- -  Day # 218  + +

EU > Bulgaria > Sofia

Life and work

Sofia, BG (View on map)

Ever since the two most recent enlargement rounds of the European Union, many `old` EU countries have put limits on the influx of workers from the new member states. Bulgaria is one of the states who are particularly touched by the restrictions. Despite their newly acquired freedom to travel, most Bulgarians therefore still need to find employment in their own company. Which is neither an easy nor a very rewarding task.

Vladislav (25):

..plays poker to make a living
Starting salaries for Bulgarian university graduates rarely exceed 200 euros a month. The price standard is also quite low in Bulgaria, but even here, such a salary is hardly enough to cover housing expenses, energy bills and food. Job offers have been on the rise since Bulgaria joined the European Union, although most of the advantage is reserved to the capital alone. Sofia has attracted huge numbers of candidates over the last years, many more than it is able to accommodate.

Apart from the unappealing salaries, Bulgarian employers can hardly be called considerate. The official working week is 40 hours, but most employees are forced to work overtime without seeing a single Lev in return. Plamena (25), who works as a personal assistant In an audit company, says that she can`t ever make any plans on weekday evenings, because she never knows at what time she will be done with work. `Whether I plan my work well or not, my boss always has something new to put on my table before I go home`, she says. `But there`s no choice. It`s either that or no job at all.`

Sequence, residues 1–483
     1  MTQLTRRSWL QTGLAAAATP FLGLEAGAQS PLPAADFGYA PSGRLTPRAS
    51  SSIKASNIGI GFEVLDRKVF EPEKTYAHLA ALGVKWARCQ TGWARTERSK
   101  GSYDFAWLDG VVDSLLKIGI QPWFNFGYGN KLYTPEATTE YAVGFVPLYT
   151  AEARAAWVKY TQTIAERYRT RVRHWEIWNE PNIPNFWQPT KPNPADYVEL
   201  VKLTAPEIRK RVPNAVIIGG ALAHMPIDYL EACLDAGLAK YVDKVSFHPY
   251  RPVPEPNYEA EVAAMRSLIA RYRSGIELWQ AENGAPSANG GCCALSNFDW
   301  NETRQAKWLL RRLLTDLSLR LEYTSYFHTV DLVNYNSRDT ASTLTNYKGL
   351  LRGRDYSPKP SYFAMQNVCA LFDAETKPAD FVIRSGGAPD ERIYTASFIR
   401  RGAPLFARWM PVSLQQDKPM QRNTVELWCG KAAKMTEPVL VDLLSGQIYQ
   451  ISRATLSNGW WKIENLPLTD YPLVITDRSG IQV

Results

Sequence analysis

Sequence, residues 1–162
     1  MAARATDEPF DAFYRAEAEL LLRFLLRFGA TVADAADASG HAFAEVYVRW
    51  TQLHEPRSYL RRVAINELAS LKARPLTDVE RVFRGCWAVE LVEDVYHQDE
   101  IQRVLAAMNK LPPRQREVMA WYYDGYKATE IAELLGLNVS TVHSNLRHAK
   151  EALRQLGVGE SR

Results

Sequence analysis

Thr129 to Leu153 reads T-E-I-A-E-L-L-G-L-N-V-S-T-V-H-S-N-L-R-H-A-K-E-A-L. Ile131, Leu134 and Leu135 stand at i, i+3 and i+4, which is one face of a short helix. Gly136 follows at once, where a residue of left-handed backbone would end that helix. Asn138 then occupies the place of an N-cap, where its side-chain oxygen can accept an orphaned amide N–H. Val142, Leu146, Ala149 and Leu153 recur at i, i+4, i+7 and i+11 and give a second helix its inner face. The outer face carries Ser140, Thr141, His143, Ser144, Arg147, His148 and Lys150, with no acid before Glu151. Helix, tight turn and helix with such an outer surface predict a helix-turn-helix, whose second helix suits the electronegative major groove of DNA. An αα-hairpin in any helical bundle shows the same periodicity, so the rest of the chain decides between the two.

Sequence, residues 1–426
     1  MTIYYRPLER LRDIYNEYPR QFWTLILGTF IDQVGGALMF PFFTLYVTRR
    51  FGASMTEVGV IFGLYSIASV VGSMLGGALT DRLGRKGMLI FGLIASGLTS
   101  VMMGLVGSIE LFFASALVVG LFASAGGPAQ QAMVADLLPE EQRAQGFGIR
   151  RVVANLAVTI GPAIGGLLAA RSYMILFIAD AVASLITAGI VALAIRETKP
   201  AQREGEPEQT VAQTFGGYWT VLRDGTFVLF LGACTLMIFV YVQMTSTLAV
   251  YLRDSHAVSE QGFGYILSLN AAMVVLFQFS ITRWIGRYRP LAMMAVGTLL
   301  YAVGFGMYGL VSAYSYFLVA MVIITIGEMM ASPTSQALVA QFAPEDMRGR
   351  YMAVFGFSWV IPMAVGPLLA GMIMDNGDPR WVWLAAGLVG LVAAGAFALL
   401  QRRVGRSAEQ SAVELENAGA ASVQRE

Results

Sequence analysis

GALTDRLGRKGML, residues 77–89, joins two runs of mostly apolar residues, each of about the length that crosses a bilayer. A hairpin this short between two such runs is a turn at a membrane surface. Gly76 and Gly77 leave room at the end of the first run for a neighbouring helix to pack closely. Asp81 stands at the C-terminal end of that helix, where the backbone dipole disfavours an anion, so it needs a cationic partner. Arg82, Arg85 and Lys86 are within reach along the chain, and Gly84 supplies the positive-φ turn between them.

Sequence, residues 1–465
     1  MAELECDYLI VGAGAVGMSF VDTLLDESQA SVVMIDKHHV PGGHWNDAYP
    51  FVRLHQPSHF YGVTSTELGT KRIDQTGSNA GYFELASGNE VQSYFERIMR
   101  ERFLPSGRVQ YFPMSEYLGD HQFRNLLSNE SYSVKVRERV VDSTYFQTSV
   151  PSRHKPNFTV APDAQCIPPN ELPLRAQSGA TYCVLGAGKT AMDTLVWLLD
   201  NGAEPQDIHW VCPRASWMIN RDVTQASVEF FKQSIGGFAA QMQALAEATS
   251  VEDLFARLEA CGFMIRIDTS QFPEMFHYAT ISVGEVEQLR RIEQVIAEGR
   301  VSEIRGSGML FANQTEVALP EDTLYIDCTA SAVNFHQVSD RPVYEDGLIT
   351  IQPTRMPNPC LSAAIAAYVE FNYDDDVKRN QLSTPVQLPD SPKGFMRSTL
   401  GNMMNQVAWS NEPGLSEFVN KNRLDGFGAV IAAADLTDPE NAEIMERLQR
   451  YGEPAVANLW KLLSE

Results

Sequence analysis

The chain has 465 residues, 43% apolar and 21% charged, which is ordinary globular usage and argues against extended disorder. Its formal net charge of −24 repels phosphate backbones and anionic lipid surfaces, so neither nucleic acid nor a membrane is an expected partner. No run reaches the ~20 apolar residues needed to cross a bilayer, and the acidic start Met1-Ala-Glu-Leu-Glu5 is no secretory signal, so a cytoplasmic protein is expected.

Georgi (27) says that most companies will not cheat by offering continuous temporary contracts, as is often the case in for example Italy. `If you work for a decent company, you can expect to start working on a 6-month contract, but it will normally be converted into an indefinite contract if the employee lives up to the expectations.`

Nadia (24) is happy that smoking was banned from offices when Bulgaria joined the European Union: `I work for an Irish company who respects the prohibition, but I know that many small Bulgarian local companies do not. Almost everybody smokes in Bulgaria, which makes it difficult to impose anti-smoking rules. Anyway, I prefer to have fresh-smelling clothes when I get home in the evening, even though I am a smoker myself.`

Vassilena (25), who works as a journalist, adds that the majority of Bulgarian companies only report a part of salaries to the tax authorities: `That keeps both the employer and the employee from paying social insurances, so it suits both.` When I ask her about the independence of Bulgarian journalists, her answer is pretty straightforward: `You write what you get paid for, unless maybe if you work for one of the two major newspapers Dnevnik and Kapital. I am happy not to work in the newspaper daily sector. The company I work for is an international research company which works in the economic sector only. And we are a young company so we have no negative legacies of older generations.`

Finding a job